Police watchdog under siege in Ukraine amid weeks of mass protests

Volodymyr Maralov knew he was taking risks by tackling suspected Ukrainian police corruption, but he didn't expect to come close to death.

Last week, the 27-year-old activist with the group Road Control said he was dragged out of his car and shot in the chest with his own weapon. He said surgeons removed a rubber bullet that penetrated 6 centimeters (2 inches) into his chest, stopping near his heart.

The attack, which Maralov accused police of carrying out, followed the jailing of two other group members and the beating of another.

Police spokesman Serhiy Burlakov denied that officers had targeted Road Control or attacked Maralov.

The activist group monitors alleged abuses by the traffic police. The force's alleged corruption is one of many issues angering protesters who have gathered in central Kiev for massive anti-government demonstrations for more than a month. A central issue for many of the protesters has been Ukrainian President Viktor Yanukovych's decision to scrap a deal with the European Union in favor of closer ties to Russia.

Tensions escalated further on Wednesday when a journalist and opposition activist, Tetyana Chernovil, was brutally beaten outside Kiev, hours after publishing a story on the lavish suburban residence that she said belongs to the country's embattled interior minister, a staunch Yanukovych ally.

Another opposition activist who organized protests in the eastern city of Kharkiv was beaten and stabbed with a knife on Tuesday night. Opposition activists and journalists rallied outside the Interior Ministry office in Kiev Wednesday in protest.

As the anti-government demonstrations grew, so did the problems of Road Control, which has been helping the protesters by preventing police from blocking vehicles carrying food, firewood and activists to the protest encampments.

"They want to destroy us — either jail us, or chase us away abroad or just kill us off one by one," claimed group spokesman Yehor Vorobyov.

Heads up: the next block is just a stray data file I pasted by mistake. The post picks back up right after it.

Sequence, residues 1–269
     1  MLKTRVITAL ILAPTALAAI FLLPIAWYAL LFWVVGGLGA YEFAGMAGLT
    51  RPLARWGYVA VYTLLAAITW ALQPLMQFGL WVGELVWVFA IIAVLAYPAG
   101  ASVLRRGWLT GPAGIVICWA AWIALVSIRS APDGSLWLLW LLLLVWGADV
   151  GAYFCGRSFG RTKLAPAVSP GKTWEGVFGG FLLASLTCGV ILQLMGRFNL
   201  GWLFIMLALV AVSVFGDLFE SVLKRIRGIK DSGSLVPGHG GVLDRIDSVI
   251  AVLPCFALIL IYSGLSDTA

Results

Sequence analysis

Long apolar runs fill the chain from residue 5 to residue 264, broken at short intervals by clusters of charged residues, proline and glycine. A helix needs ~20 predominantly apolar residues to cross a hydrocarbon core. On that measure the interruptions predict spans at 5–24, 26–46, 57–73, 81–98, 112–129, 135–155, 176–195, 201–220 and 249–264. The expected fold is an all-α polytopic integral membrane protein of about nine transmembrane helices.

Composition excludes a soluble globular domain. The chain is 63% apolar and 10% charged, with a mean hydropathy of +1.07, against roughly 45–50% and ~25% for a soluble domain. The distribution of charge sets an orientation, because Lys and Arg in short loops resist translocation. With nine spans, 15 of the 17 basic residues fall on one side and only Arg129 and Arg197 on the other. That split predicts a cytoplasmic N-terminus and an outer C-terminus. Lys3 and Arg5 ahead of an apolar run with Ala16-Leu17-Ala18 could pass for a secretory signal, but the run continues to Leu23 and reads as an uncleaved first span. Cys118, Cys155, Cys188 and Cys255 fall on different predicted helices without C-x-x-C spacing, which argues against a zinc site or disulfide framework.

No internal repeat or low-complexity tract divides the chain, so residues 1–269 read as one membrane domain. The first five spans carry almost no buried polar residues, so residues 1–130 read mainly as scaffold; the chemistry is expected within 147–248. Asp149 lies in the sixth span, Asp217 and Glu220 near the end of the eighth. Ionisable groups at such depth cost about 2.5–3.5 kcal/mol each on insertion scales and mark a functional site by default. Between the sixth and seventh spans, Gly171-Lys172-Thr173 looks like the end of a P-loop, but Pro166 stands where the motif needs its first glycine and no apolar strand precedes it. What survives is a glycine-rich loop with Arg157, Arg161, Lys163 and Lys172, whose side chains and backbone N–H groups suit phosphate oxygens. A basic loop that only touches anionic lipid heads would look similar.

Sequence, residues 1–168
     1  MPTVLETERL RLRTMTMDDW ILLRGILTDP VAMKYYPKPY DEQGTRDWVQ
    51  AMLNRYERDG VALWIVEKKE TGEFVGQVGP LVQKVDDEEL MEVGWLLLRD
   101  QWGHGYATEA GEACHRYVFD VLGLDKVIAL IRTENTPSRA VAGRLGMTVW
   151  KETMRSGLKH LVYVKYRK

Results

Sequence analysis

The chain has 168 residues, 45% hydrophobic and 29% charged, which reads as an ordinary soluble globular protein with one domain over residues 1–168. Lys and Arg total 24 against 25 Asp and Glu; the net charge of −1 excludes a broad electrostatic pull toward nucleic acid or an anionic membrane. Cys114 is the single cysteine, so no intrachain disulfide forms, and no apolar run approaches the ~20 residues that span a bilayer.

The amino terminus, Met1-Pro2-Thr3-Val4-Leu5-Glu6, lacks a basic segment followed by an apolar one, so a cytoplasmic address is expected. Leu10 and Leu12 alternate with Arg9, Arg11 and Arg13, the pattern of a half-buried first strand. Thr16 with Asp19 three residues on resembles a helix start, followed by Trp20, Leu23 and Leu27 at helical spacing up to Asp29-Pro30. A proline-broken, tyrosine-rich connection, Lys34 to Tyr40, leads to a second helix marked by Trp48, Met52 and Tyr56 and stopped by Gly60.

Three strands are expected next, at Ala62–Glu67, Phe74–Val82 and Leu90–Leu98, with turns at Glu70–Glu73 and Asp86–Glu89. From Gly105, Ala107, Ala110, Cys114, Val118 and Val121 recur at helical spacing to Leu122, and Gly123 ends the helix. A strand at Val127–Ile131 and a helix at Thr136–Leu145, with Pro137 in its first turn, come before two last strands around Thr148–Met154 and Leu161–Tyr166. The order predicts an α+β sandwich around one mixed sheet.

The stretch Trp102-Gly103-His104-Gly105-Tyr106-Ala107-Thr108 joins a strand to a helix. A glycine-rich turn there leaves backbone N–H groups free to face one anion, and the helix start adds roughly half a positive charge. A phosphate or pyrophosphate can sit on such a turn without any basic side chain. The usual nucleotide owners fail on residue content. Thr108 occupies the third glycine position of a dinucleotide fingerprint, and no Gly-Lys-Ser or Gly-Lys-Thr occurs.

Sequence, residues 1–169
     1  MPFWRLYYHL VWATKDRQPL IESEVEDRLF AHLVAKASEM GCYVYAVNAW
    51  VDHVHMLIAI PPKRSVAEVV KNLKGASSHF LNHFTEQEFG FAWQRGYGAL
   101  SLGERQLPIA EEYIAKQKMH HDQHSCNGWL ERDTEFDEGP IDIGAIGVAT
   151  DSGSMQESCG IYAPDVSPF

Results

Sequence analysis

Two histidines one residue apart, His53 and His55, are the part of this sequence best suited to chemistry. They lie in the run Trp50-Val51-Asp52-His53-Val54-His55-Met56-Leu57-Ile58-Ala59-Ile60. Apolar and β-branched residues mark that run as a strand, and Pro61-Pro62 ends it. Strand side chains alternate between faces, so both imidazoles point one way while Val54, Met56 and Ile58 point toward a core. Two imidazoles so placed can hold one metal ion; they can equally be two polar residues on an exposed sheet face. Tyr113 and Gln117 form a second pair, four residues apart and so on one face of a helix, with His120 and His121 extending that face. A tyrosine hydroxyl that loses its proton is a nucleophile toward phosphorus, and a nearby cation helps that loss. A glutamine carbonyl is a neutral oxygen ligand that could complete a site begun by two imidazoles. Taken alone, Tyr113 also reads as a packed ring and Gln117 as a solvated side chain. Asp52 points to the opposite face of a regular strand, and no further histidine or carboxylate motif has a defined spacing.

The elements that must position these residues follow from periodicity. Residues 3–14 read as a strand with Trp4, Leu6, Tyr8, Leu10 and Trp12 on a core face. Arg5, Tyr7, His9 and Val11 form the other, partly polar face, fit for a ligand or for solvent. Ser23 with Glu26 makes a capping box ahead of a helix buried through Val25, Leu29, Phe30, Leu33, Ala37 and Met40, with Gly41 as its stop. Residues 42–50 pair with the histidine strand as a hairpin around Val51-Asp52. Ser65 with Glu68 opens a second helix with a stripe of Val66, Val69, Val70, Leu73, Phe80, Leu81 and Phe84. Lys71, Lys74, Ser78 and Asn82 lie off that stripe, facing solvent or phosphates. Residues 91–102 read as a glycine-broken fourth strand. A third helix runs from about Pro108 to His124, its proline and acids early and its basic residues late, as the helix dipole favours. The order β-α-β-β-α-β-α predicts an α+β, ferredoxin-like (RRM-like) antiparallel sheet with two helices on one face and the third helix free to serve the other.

Authorities have denied waging a campaign against the group.

"There has been no so-called hunt," Interior Ministry spokesman Serhiy Burlakov said in an interview with The Associated Press. "We only act within the framework of the law."

Road Control formed five years ago when leader Rostislav Shaposhnikov started monitoring traffic police cars after his girlfriend was pulled over and fined. She said the fine was unfair.

Since then the group has grown to scores of activists across the country and has angered police by posting videos which they say show officers extorting and accepting bribes.

The group also claims to have exposed a scheme during which police tow cars to private parking spots purportedly owned by people affiliated with police. After the car owners spend days trying to contest fines, they are reportedly slapped with huge parking bills.

Burlakov said police are investigating cases of alleged bribe-taking, but he denied the existence of the parking scheme.

Shaposhnikov was brutally beaten last spring by two assailants outside Kiev, and his group accused police of the attack. But a police investigation has been inconclusive.

Last month, Road Control said one of its activists was given asylum in the United States because of the risks connected with his activities. The U.S. Embassy said it does not discuss asylum cases.

Member Andriy Dzindzya was arrested this month on suspicion that he organized violent clashes with police outside Yanukovych's office on Dec. 1. Dzindzya denies any wrongdoing, saying he was merely filming the events for the group's website.

His lawyer, Viktor Smaliy, was jailed after allegedly trying to attack a judge during Dzindzya's hearing. Smaliy has denied the charge.

Several days later, activist Svitlana Malitska was attacked in the elevator of her apartment building by two men who beat her and threatened her for her work with the group. "It was a direct threat to my professional activity," Malitska said.

Then came Maralov's attack last week.

He said his car was stopped on Saturday and he was forced into the backseat by two men wearing civilian clothes, who then drove to a wooded area. Maralov, whose works as a bodyguard, said he fired his weapon at one of attackers, wounding him in the shoulder.

The other assailant, however, allegedly grabbed the weapon and eventually shot Maralov after he refused to provide information about his group and its leaders.

"I felt blood flowing out of me and I simply collapsed," Maralov said in an interview outside a police station in Kiev, where he was due for questioning. When Maralov came to, he saw that his car had been set on fire, he said.

Oleksandra Matveichuk, head of the Center for Civic Freedoms, said the harassment of the activists goes to the heart of the anti-government protests that have entered their second month in Kiev and elsewhere in Ukraine.

"Here we are witnessing clear politically motivated persecution in various ways," Matveichuk said.

"If people who defend human rights are attacked ... it means we can no longer speak of any democracy. The line has been crossed."